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For years, we have taken woods for granted. There was never any problem getting good mahogany or rosewood. Nice wide, long clear boards with good color and figure were expected. It did not matter if the woods were domestic or exotic. We expected (and, for the most part) got decent material at a reasonable price.

Sure, a couple of those woods disappeared on us. Cuban mahogany and Brazilian rosewood became virtually extinct. This might have been a warning bell but we did not pay much attention until much more recently when many of the woods we had taken for granted simply became unavailable.

Some of these woods, like East Indian rosewood have reappeared on the market as "plantation grown" or "sustainable harvest" woods, but they are generally not nearly as nice as the old growth stuff we had become used to. Around the same time, a lot of new woods began to appear. Actually, these new woods were there all the time but for one reason or another, we did not want to use them. Either the lumber was too small to yield large clear cuttings or the color and figure was not up to our expectations. But, as our old favorites began to vanish, these "second string" woods started to look "not so bad."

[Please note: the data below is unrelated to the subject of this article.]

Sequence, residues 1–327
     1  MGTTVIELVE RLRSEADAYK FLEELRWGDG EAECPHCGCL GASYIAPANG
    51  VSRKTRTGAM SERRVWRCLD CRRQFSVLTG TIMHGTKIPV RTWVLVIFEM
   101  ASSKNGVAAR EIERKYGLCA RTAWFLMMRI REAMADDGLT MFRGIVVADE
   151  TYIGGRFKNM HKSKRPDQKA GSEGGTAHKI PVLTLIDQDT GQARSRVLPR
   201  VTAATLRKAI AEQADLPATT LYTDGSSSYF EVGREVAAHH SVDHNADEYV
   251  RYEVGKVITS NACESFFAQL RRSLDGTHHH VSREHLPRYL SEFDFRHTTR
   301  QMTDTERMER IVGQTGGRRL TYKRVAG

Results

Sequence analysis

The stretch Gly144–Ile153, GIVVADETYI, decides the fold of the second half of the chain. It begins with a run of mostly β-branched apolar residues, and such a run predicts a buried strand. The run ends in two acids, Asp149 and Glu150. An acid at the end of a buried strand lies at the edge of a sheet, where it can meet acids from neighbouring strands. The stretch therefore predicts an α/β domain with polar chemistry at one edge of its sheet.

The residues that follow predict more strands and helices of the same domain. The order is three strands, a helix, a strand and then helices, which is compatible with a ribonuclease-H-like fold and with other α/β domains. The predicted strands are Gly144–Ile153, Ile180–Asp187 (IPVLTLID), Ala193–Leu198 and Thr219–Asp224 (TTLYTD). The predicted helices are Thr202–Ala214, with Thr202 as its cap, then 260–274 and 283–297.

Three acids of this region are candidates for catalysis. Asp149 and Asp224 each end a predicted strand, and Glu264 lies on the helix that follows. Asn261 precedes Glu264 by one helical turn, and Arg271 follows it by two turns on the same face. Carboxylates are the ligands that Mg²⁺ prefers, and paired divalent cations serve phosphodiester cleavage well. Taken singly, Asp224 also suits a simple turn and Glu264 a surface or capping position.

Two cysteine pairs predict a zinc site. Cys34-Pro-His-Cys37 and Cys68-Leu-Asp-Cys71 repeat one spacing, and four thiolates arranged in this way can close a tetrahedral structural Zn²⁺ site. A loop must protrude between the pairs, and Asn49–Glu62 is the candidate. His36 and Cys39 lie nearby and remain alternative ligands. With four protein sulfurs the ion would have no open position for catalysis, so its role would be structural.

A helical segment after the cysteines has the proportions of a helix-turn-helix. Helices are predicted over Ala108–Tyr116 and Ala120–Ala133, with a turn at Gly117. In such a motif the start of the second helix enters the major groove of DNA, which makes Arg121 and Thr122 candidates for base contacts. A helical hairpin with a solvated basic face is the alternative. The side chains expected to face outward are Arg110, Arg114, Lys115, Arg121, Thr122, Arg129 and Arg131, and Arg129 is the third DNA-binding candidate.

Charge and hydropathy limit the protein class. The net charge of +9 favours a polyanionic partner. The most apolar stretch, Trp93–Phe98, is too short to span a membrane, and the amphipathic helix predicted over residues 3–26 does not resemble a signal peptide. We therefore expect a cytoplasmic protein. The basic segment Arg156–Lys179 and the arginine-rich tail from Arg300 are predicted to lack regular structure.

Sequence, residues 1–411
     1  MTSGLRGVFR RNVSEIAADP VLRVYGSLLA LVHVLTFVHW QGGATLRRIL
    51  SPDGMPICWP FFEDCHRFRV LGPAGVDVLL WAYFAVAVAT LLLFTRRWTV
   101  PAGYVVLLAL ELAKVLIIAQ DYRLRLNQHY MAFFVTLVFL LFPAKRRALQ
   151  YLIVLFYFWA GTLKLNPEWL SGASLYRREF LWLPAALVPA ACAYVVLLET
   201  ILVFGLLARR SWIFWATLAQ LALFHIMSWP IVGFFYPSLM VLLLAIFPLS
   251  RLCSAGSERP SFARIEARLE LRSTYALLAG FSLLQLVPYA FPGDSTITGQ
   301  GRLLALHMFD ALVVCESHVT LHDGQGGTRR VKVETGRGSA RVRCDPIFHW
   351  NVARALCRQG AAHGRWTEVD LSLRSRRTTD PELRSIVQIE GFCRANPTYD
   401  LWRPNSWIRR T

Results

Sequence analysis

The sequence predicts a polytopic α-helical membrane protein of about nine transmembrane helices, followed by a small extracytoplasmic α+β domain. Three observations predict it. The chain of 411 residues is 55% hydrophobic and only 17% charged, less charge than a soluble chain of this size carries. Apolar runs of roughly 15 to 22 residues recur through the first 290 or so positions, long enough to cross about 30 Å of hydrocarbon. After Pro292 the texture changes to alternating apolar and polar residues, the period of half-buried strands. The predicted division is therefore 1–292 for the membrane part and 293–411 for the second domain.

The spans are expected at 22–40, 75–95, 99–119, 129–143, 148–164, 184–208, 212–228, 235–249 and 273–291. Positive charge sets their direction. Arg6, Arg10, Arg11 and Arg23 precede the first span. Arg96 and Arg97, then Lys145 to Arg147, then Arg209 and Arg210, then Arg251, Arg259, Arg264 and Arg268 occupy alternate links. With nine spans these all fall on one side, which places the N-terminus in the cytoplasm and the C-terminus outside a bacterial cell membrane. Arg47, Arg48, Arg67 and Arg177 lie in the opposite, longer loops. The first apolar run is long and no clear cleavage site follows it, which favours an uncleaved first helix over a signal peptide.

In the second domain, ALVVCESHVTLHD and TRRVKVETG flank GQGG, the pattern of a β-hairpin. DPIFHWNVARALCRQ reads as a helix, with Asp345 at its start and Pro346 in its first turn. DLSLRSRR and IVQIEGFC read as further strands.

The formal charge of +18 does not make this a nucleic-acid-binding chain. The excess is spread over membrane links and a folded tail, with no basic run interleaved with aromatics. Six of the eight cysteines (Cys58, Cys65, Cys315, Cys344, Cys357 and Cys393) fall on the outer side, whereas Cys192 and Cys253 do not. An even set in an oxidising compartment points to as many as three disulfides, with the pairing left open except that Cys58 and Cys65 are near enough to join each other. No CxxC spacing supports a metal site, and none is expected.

Among these new woods - with names like ziricote, meranti, obeche and chakte coke - is one that seems to have no real attachment to any specific wood but is, rather loosely applied to any wood that no one is really sure exactly what it is. This wood (or woods) is granadillo.

When a friend and I were importing rosewood from Honduras (in 1985; another disaster maybe I'll tell you about another time), we came across a lot of woods that looked pretty decent but that none of the locals could really identify. Whenever we asked what these woods were, the cutters would invariably say "Oh, that's granadillo." So, eventually I became convinced that granadillo was Spanish for "who knows.”


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Wherever you stand on the question of climate change or global warming, there is no denying that our sources of fine hardwoods is rapidly diminishing.